Three out of the four Republican candidates running for governor say they are jittery about expanding gaming in Illinois, though each says they’re willing to consider expansion proposals — with caveats.
Bruce Rauner and state Sen. Bill Brady, R-Bloomington, said they want to see local cities put a question to voters where casinos are proposed.
“We all have concerns about our state becoming too involved in gaming,” Brady told the Sun-Times. However, he added that he’s not a hardliner against proposals and believes slot machines at racetracks would help boost the racing industry in the state.
At a candidates’ forum Thursday night in Peoria, Rauner made clear he was not a gambler and he doesn’t like gambling.
“Bruce thinks gambling is an issue that is best decided by the local community and that’s who should be driving the decisions,” his spokesman Mike Schrimpf said. “He will partner with local communities to make a decision that is best for them.”
Illinois Treasurer Dan Rutherford said he would be open to a proposal and to legislation.
“In general, I do not support expansion of gaming simply to raise more state revenue,” Rutherford said in an email response. “If a gaming expansion bill was to be presented with proper regulation and sufficient oversight, I would be willing to entertain a discussion.”
State Sen. Kirk Dillard, R-Hinsdale, who seemed the most in favor of expanded gambling, said he would support it to boost state revenue.
“To relieve pressure on state finances, I support limited casino expansion, if the expansion were approved locally,” Dillard said in an emailed response to Sun-Times questions.
The candidates’ perspectives on gaming are timely as a massive gaming expansion bill that includes a Chicago-based casino is being readied for another round in Springfield this session.
Its sponsor, Rep. Bob Rita, D-Blue Island, told the Sun-Times that the legislation still includes a Chicago-based casino and a proposal that would add slot machines inside the state’s racetracks as well as at Chicago’s two airports. A hang-up in the bill is how slot machines at a racetrack just outside of East St. Louis would affect the city’s riverboat, which accounts for a significant slice of the town’s revenue. Rita has a public hearing scheduled this week in East St. Louis to hear from locals on the issue.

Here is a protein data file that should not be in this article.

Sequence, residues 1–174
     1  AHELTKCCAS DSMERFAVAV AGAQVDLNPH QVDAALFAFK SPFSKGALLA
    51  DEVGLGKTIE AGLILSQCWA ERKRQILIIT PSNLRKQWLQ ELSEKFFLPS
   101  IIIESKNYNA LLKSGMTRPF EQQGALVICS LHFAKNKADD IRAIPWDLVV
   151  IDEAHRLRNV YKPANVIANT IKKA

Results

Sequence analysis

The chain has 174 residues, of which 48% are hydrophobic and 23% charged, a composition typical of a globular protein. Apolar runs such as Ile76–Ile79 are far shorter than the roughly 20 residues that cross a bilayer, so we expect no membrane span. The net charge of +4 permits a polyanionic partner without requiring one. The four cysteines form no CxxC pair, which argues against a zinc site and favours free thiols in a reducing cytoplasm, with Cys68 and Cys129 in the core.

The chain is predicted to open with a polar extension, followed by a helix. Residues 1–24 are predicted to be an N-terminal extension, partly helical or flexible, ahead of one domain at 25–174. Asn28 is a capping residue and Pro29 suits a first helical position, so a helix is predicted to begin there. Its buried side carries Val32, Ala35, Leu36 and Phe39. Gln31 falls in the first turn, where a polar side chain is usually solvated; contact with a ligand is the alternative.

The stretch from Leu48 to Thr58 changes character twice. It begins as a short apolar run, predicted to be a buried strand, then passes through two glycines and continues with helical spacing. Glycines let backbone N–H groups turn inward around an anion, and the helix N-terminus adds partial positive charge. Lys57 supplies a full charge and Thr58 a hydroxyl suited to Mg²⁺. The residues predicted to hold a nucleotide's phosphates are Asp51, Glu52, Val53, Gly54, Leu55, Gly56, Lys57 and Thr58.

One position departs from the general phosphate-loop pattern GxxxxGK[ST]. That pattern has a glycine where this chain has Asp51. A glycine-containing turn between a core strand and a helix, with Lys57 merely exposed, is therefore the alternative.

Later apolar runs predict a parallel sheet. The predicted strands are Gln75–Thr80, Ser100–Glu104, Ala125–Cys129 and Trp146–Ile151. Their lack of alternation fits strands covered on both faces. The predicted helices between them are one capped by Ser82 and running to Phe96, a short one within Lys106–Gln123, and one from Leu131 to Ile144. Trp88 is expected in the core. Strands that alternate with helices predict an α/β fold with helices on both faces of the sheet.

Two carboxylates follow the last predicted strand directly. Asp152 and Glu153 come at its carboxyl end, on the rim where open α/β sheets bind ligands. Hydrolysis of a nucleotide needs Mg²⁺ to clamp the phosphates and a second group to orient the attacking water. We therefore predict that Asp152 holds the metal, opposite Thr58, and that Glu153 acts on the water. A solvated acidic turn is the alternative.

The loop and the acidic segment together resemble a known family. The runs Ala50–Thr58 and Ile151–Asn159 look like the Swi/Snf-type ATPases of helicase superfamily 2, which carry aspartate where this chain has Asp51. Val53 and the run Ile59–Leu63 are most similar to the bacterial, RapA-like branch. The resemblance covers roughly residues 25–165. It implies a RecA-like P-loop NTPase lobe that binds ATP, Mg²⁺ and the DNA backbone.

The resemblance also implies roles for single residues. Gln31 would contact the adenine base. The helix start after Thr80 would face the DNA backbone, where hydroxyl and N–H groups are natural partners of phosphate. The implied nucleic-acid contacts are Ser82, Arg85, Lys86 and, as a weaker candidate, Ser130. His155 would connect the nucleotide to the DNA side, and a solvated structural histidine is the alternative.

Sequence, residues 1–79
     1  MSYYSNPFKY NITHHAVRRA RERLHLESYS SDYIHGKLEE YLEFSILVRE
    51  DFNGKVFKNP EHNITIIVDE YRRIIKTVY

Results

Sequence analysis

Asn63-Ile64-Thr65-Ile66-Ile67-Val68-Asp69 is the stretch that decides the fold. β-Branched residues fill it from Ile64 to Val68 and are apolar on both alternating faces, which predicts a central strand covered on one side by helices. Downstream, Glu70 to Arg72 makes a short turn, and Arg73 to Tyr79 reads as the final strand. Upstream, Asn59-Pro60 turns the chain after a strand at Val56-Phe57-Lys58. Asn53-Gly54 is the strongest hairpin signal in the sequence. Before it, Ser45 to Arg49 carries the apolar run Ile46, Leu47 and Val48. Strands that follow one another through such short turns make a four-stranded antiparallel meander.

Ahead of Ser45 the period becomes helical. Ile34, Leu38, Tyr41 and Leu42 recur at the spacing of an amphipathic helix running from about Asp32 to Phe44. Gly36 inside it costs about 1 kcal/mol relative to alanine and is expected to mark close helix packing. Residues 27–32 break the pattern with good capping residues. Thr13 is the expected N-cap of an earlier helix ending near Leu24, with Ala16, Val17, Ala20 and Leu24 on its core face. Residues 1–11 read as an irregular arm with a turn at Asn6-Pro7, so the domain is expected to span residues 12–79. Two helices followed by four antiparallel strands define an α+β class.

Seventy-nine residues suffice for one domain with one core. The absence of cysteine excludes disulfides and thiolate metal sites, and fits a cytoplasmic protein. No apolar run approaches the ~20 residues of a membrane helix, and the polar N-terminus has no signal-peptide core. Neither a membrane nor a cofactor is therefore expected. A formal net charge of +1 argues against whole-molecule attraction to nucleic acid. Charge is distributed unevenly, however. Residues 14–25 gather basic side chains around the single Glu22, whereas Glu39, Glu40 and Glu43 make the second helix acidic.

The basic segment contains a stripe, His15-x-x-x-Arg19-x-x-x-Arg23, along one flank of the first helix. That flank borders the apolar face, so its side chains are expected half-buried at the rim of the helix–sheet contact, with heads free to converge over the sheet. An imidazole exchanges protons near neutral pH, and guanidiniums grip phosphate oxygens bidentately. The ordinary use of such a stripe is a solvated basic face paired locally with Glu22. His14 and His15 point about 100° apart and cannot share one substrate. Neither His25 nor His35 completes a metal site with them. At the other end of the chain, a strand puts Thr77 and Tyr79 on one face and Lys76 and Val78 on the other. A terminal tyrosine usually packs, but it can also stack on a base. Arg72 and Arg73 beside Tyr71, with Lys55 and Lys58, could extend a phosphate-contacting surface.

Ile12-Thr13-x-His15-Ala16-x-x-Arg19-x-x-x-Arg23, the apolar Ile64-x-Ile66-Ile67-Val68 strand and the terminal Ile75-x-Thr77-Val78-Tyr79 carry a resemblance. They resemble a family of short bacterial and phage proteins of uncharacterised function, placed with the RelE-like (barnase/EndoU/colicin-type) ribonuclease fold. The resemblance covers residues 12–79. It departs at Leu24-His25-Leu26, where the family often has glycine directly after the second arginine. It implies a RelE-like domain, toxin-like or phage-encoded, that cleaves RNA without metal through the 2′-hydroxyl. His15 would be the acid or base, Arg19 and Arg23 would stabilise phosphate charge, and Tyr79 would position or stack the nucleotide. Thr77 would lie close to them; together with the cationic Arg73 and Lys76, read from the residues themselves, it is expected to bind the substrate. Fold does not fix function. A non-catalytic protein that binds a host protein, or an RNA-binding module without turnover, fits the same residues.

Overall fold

“What I’m doing now is breaking out the parts that had some issues,” in last year’s session, Rita said. “This was one of the major hurdles that we needed to overcome.”
The other hurdle is grappling with Chicago’s interest in owning a casino and having a different level of oversight — something with which Gov. Pat Quinn took issue.
The legislation, which was discussed at length but never called for a vote last year, proposes five new casinos: one in the south suburbs, one in Chicago, one in Danville, one in Lake County, one in Rockford. It also would add slot machines at racetracks and O’Hare and Midway airports.
Brady said he would not support a Chicago-owned casino, while Dillard said he would support it as long as there was local interest.
“As a matter of fairness, if the rest of Illinois has the ability to have casinos or riverboats, the city of Chicago should have that ability too,” Dillard said.
Brady said he’s against the proposal to let Chicago own a casino.
“I don’t know why we would . . . give one city the right to own versus another,” Brady said. “I think anywhere they want to put one, it would be wise to let the voters say if they want it or not.”
Brady said he’s “open-minded” about slot machines at racetracks to “maintain the viability of the horse-trading industry.” Rutherford said he, too, is open-minded about slots at tracks, and Dillard supports it.
Rauner would support it only if it were supported by the “local community,” his campaign said.
“I don’t gamble, I don’t like gambling,” Rauner said in a Thursday forum. “I believe casinos and gambling is here. We should allow our local governments to decide for themselves.”
In an interview with the Sun-Times last week, Brady said he has voted “present” in the past on gaming bills because he has a financial interest in a hotel in Danville, and Danville has been included in the bill.
“My position has never been to support it. It’s not that [I’ve been] adamantly opposed,” Brady said. “I often thought it would be better that a local jurisdiction would pass through referendum.”